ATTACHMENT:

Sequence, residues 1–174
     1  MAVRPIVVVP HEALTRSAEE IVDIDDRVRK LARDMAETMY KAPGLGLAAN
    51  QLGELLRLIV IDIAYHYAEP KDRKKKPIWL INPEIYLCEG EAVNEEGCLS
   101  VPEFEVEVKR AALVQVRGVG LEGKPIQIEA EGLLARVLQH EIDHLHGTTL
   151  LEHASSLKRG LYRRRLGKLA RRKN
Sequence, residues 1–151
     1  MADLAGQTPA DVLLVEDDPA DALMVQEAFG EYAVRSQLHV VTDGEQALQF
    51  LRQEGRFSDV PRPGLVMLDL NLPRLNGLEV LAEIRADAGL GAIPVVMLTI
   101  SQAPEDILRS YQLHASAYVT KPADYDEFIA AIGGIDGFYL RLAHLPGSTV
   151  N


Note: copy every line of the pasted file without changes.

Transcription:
Sequence, residues 1–174
     1  MAVRPIVVVP HEALTRSAEE IVDIDDRVRK LARDMAETMY KAPGLGLAAN
    51  QLGELLRLIV IDIAYHYAEP KDRKKKPIWL INPEIYLCEG EAVNEEGCLS
   101  VPEFEVEVKR AALVQVRGVG LEGKPIQIEA EGLLARVLQH EIDHLHGTTL
   151  LEHASSLKRG LYRRRLGKLA RRKN
Sequence, residues 1–151
     1  MADLAGQTPA DVLLVEDDPA DALMVQEAFG EYAVRSQLHV VTDGEQALQF
    51  LRQEGRFSDV PRPGLVMLDL NLPRLNGLEV LAEIRADAGL GAIPVVMLTI
   101  SQAPEDILRS YQLHASAYVT KPADYDEFIA AIGGIDGFYL RLAHLPGSTV
   151  N